I've found two remarkable things about working with the millennial subset. First, 20-somethings bring so much passion to this effort and so little baggage. Most of these young people threw themselves into their volunteer mission out of a commitment to a cause bigger than themselves and a desire to help others who they'd never met before. As Britta explained, "Traveling simply as a tourist is unsatisfying to me....It is important that I learn exactly where I am in the world and to try and expand my compassion as much and as far as possible."

I marvel at how anything seems possible, with daily actions reflecting a willingness to confront failure. Neither Britta nor Okxana designed a website before launching IRODA's site. Phoebe Shelor of Cedar Park, Texas spent the summer teaching French in a one-room school house to children in a shepherding village in Morocco's mid-Atlas mountains. She studies French but had never taught it before. Similarly, Liselot Koenen of Chicago took science classes at Georgetown, but she had never taught chemistry. Liselot was supposed to teach English in a Zanzibari public school this summer, but taught chemistry after that teacher took maternity leave and her classes were left without a substitute.

They and others faced tasks beyond their comfort zone and figured it out. Alessandra Testa, also of New Jersey, taught English to young people in Morocco, reflected, "During my time here, I have been in more challenging and uncomfortable situations than I can count, but each one has taught me invaluable lessons about embracing change, accepting and adjusting to the unexpected."

Which brings me to the second point I've noticed while working with millennial volunteers: a desire to build professional experience and skills. Millenials hear repeatedly that the job market is terrible and that they have to differentiate themselves with real skills. Almost all of our unofficial ambassadors self-funded their experiences -- through savings and grants -- in part to build skills and experience.

Sarah Wall of Indiana set-up a monitoring and evaluation plan for a women's health organization in Indonesia. She explained the investment in herself, "My goal after finishing my master's program is to work in international development. Whether I work abroad or in a domestic position, the experience of learning first-hand what it is like to work in an NGO in the developing world -- the resources, limitations, work culture and pressures they face from both the government and society -- will be invaluable to me in the future."

Just 22 percent of Millenials volunteered last year. That's disappointing, but those numbers don't reflect the depth, impact and scope of how some of these young women and men are investing their time and money. There are websites in Tajikistan and global citizens in the small towns of New Jersey, Indiana and Texas who are reasons for optimism.

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Kristi Rieger Campbell: The Land of Empathy and Wonder

I'd like to live in The Land of Empathy and Wonder.

I'd like to live in a land where my son Tucker is one of many and the many have a variety of differences. None of those differences are considered afflictions, disabilities, special needs or delays. In this land, everybody's quirks and uniquenesses and differences are celebrated. They're not noticed because they are not important.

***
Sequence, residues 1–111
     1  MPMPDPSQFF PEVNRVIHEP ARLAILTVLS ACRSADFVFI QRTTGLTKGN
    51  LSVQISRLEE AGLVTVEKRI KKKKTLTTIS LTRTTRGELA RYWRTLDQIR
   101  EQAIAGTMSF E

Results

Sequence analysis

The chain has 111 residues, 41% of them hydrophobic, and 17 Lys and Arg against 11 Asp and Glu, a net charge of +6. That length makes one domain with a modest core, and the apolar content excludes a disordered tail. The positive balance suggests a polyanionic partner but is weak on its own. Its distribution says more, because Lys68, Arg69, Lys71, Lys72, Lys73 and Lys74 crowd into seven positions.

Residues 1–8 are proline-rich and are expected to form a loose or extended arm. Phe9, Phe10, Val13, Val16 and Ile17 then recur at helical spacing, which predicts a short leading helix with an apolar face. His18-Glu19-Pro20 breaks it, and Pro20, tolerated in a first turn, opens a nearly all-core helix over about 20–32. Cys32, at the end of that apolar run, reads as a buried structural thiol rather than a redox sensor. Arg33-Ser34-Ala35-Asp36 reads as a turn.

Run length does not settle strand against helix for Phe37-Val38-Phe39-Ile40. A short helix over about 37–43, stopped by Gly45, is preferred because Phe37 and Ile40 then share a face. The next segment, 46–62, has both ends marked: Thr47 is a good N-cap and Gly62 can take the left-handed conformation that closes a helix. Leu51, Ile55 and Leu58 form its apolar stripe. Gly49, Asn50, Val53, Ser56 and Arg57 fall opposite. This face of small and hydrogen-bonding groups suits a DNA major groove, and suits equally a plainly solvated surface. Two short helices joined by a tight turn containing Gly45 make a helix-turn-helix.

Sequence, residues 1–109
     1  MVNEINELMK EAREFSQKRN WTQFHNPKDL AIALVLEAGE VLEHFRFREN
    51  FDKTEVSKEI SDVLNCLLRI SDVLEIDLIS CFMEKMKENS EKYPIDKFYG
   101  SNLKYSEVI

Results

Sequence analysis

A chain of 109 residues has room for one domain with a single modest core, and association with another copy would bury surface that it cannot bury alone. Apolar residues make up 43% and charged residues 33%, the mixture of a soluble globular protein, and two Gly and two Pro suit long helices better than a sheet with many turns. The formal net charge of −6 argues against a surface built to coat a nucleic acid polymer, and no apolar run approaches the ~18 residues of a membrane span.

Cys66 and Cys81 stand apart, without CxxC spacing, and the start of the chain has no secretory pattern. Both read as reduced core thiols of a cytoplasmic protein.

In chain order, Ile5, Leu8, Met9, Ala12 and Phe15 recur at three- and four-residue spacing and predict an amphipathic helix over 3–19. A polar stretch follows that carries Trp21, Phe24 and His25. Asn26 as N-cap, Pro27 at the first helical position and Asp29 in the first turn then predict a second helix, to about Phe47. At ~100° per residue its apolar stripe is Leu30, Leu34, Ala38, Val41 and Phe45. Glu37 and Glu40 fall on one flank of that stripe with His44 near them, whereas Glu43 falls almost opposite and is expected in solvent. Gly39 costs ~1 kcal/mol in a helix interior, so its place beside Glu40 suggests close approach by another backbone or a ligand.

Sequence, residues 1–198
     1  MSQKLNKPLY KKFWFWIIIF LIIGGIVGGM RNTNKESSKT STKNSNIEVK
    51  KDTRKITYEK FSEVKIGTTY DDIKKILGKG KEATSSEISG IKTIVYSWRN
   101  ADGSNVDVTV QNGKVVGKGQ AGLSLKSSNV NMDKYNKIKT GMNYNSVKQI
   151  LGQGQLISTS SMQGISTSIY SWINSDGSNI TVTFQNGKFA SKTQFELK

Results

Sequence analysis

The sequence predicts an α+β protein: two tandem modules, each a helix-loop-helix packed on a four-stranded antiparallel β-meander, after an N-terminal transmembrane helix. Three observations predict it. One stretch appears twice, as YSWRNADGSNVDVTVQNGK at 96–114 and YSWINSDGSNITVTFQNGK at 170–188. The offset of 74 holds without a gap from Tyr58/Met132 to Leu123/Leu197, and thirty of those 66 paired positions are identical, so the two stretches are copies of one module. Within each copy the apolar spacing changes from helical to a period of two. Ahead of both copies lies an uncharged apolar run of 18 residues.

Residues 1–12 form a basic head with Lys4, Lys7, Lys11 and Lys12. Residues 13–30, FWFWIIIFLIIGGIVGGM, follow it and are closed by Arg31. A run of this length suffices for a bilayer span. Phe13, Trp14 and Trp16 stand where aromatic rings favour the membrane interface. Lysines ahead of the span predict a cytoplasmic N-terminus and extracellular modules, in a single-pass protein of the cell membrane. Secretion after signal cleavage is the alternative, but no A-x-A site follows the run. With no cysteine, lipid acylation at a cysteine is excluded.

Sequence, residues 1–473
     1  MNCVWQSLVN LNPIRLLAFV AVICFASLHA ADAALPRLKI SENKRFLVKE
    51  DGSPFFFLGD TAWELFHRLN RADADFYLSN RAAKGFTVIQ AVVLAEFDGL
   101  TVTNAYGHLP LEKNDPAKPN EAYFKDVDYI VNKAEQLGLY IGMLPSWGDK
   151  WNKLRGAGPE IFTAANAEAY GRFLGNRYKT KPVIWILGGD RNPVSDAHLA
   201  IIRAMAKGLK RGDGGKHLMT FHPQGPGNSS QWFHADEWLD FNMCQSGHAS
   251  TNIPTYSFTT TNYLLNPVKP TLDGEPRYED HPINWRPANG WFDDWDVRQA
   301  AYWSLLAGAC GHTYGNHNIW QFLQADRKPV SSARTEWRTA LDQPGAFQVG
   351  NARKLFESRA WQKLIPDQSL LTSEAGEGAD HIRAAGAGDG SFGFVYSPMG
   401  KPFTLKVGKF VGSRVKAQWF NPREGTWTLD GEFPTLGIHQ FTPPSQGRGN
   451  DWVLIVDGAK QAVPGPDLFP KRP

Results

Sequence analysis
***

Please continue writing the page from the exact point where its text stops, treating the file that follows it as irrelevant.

The only thing important in my imagined land is a person's heart. And his empathy. And his ability to find wonder.

To find joy in blowing bubbles on a breezy spring day rather than worrying about a job, a disease, a bill, a blog...

A place where every resident is able to abandon her phone to follow her son on his quest to best imitate a butterfly. To experience wonder. To celebrate it.

I'd like for you to accept my son.

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I'd like to live in a land where skin color matters as much as the color of a person's underpants. Where couples that fall in love ARE a family without having to lobby for the right to be legally recognized as one by a government. Where a person's actions toward others is noticed and the cost of her handbag is not.

I'd like to live in a world where I can take my son to the playground and the fact that he's playing amazingly well with an unknown younger friend is what's noticed rather than the fact that his new friend is miles above him in language. In knowing how to play. In, well, everything.

I'd like for all of us, including yours truly, to simply "aaaahhh" at the joy on two boy's faces bonding over finding an abandoned ball.

To be.

To be. Ahh... can you imagine?

I can.

I see that joy and wonder in my little boy's face every single day. He sees magic.

I want to get back to seeing the magic.

This land of mine would allow me to see my son's recent school photo and not analyze it. It would allow me to remain in the belly-laugh moment my husband and I shared when we first saw it and thought, "Oh my... he looks so mischievous! So grown up! And so funny!"

Instead, I returned to it later and wondered whether his photo looks like autism. Whether Tucker's beautiful eyes all squinted up as if he's hiding something meant instead that he was at his "I need a break" point. That he may have been scared or intimidated or overwhelmed and didn't have the words to say so.

I'd like to live in the land where empathy and wonder rule.

Where our differences don't.

The best part? This land exists.

It exists right now in some of you, if only ideally. We, my friends, have the power to transform our worlds, our ideal places and our homes into The Land of Empathy and Wonder.

It starts with you. With me. With our children. With how we choose to spend the next five minutes. With being able, tomorrow, when we're stressed out and overwhelmed and busy and annoyed, to be able to take a moment to NOT look away. To try and make eye contact with the boy who makes you uncomfortable. To say hi. To give his tired mom a smile.

To give her a smile that conveys the message that we're all in this together.

And that there is empathy and wonder. Everywhere.